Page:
After taking a 104-97 lead with 3 minutes to go last night, the Suns were outscored 10-0 in that game and then got pasted in Phoenix tonight. It wasn't even close, which was a first for the Suns this season. Only a late rush of threes by the Suns gave this game any life at all.
Coming into their 11th game, the Phoenix Suns were one of only two teams in the league NOT to lose any games by more than double-digits points yet.
And they still haven't, losing 113-106. So, that's something.
28 other teams had been pasted by 10+ at least one time already, but the Suns and HEAT. At halftime of the Suns most lackluster effort of the season, it occurred to me that this Suns team looked a lot like the 2012-13 Suns. Lots of midrange jumpers, lots of bail-out shots at the end of the clock. And a disengaged set of players.
Into the fourth quarter, the stagnant nature of the game permeated. When Travis Outlaw scored five point in two possessions, it felt like the kill shot. It was an 18 point lead with about 8 minutes left.
But then Sacramento took their foot off the gas and the Suns suddenly found themselves in the game. The Suns cut the lead to seven and then to six at one point on hero-ball threes.
But it's hard to have a comeback if you're allowing scores to the other team every time down. The Kings started getting into the lane with regularity, forcing foul calls at the end of shot clocks time after time after time. Cousins. Thomas. Vasquez.
And then it was over. The Kings were into free throws for the rest of the game. Vasquez made 9 straight at one point, with Isaiah Thomas sprinkling in two of his own.
While the Suns wilted a night before, the Kings played like seasoned veterans - getting free throws and easy shots any time they wanted.
The Phoenix Suns came out fast and furious to the Kings sluggish pace, with Goran Dragic getting 11 points in the first 4.5 minutes, outscoring the Kings by 3.
But then the Kings turned it one by hustling on the boards, turning several offensive rebounds into 10 second-chance points to keep the game tied at 27-all after one.
The second quarter was not the Suns friend. Led by two rookies, two Morrii and an Ish, the Suns got rolled early in the second, allowing an 8-point Kings lead in the first three minutes. The Suns tried to fight back a few times, getting within three points a couple of times, but the Kings were just playing too well.
This was a 2-7 Kings team going nowhere fast before they encountered a back-to-back against the Suns.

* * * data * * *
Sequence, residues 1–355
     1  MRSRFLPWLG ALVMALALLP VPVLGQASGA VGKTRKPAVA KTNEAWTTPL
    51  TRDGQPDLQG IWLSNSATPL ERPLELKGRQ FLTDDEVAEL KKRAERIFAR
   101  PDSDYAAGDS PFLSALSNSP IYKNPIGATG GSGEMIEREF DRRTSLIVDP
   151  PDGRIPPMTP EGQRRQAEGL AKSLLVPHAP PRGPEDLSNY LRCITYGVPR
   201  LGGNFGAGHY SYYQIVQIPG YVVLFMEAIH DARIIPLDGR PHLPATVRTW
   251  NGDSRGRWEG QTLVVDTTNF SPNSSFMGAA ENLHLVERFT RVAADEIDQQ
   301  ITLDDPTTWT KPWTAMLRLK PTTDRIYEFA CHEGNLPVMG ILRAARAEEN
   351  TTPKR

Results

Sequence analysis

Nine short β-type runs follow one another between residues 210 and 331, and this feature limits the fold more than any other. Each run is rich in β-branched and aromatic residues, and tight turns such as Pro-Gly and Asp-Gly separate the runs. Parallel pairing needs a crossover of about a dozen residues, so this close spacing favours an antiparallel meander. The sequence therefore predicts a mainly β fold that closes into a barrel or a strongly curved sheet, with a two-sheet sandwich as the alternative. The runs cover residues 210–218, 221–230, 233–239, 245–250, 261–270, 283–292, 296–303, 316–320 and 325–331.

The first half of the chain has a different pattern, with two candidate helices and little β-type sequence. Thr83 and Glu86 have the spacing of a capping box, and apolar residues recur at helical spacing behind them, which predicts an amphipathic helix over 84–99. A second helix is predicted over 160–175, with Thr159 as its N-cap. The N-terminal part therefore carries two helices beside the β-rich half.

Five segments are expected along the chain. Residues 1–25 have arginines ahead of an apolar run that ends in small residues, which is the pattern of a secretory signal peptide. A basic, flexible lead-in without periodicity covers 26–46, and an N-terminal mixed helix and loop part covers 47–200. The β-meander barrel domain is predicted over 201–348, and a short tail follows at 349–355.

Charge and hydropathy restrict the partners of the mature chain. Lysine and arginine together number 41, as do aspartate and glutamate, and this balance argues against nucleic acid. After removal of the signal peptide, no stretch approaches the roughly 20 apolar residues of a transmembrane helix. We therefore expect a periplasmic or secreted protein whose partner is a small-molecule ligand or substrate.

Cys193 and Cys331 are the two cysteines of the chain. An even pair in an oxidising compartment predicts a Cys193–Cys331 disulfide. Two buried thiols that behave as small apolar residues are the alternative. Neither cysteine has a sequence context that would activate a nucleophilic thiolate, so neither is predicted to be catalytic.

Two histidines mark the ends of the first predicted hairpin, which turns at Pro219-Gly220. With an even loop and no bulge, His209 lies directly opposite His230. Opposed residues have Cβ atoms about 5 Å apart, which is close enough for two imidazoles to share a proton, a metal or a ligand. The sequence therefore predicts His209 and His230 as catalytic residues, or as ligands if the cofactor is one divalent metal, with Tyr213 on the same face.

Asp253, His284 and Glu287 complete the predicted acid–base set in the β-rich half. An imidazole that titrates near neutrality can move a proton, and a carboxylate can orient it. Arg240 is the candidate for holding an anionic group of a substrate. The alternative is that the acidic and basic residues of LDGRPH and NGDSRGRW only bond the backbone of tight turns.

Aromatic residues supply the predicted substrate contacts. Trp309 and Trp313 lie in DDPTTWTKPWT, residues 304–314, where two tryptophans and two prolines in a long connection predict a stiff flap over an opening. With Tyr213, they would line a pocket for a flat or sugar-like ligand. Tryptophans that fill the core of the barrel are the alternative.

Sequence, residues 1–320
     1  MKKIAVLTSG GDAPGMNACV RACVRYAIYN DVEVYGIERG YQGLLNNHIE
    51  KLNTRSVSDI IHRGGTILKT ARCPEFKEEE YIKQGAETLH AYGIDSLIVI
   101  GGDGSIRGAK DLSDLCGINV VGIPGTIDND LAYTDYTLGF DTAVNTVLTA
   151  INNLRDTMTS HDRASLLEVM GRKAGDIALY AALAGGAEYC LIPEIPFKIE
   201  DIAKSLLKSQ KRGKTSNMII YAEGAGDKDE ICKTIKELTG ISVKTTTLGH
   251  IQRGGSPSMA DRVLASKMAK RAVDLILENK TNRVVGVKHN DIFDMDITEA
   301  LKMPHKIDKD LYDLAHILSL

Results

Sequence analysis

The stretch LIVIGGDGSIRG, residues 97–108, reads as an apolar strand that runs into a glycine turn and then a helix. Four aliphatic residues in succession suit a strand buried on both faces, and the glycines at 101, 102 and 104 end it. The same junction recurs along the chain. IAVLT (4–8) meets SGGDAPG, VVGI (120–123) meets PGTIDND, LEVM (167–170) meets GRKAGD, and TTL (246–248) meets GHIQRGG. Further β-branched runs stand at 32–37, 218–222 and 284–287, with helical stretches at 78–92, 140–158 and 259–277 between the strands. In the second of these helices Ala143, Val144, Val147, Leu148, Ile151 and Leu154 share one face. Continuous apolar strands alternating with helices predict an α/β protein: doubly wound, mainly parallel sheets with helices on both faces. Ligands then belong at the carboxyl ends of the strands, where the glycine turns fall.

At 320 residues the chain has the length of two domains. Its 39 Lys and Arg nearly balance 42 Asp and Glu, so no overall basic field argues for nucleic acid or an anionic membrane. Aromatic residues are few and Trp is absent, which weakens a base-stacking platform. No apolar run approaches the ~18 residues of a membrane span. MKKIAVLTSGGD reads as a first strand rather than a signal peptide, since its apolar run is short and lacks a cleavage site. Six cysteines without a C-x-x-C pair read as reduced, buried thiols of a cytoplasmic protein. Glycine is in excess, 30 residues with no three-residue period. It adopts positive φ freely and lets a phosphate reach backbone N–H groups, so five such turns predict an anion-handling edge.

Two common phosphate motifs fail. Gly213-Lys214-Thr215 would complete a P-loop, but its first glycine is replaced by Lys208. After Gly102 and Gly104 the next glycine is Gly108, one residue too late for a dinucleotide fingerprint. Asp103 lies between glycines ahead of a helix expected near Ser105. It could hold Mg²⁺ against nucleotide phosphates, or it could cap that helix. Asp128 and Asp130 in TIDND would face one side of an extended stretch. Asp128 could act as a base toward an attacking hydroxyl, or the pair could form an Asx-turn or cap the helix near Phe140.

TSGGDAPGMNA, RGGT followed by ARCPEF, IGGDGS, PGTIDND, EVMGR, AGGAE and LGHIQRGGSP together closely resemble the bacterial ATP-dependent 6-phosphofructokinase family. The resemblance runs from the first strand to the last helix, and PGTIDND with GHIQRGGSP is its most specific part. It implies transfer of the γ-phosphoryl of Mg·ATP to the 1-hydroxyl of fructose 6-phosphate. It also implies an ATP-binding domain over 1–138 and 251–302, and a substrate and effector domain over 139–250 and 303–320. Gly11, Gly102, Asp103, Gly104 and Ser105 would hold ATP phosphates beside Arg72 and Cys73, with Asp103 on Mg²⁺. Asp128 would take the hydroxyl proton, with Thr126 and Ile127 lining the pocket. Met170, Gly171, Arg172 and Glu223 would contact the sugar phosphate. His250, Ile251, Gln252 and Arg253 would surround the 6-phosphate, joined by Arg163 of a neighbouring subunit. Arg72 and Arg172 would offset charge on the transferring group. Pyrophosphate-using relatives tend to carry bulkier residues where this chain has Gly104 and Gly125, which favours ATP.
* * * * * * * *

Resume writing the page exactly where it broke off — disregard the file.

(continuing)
Gerald Green was on fire for the Suns, becoming their only offensive weapon for a while in the second. He had 20 points in the first half alone on decisive jumpers, including 5 of 6 three-pointers.
This time it's the Suns' turn to be down at halftime at home, but thankfully only by 5 behind Green's onslaught of jumpers. Green and Dragic had 33 of the Suns' 50 first-half points.
Archie Goodwin played hard, but was 0-6 in the first half.
Despite what it looked like, the Suns had just as many offensive rebounds in the first half (8) as the Kings. Yet, the Kings created 15 second-chance points on those 8 boards, while the Suns only got 6. Effort.
At the start of the second half, the Kings came out just as focused while the Suns skated along on slow cuts, screens and passes. Things went from bad to worse. After getting outscored by 30 in one stretch against the Nets last Friday, the Suns came out flat in the third quarter again on Wednesday night at home.
These kinds of efforts don't endear you to a fanbase.
It was a 13-point deficit in the third pretty quick, as the Suns scored only 5 points in 9+ minutes against 7 turnovers. I mean, you can't even point out the field goal to turnovers ratio. Or the field goal ATTEMPTS to turnovers ratio. It was the total points to turnovers... oy.
The worst play of the third quarter was Marcus Morris trying to throw the lob from the 3-point line to his brother, who was being fronted under the basket. Marcus apparently thought it was someone else under the basket. When has Markieff jumped from a standstill off two feet even to the rim, let alone when being bodied up? What was Marcus thinking?
Anyway, as you might guess, the ball went untouched out of bounds. Another turnover. Kings ball.
The Suns ended up scoring only 12 points in the entire third quarter. I smell a frustrated postgame locker room coming on.
Then Travis Outlaw made a three pointer and a long two to open the fourth, and more light went out of the Suns sails. The Suns were really hesitant on offense, hesitant on defense. Just bad all around.
At least the Suns won't have the frustration of barely losing in the final seconds this time.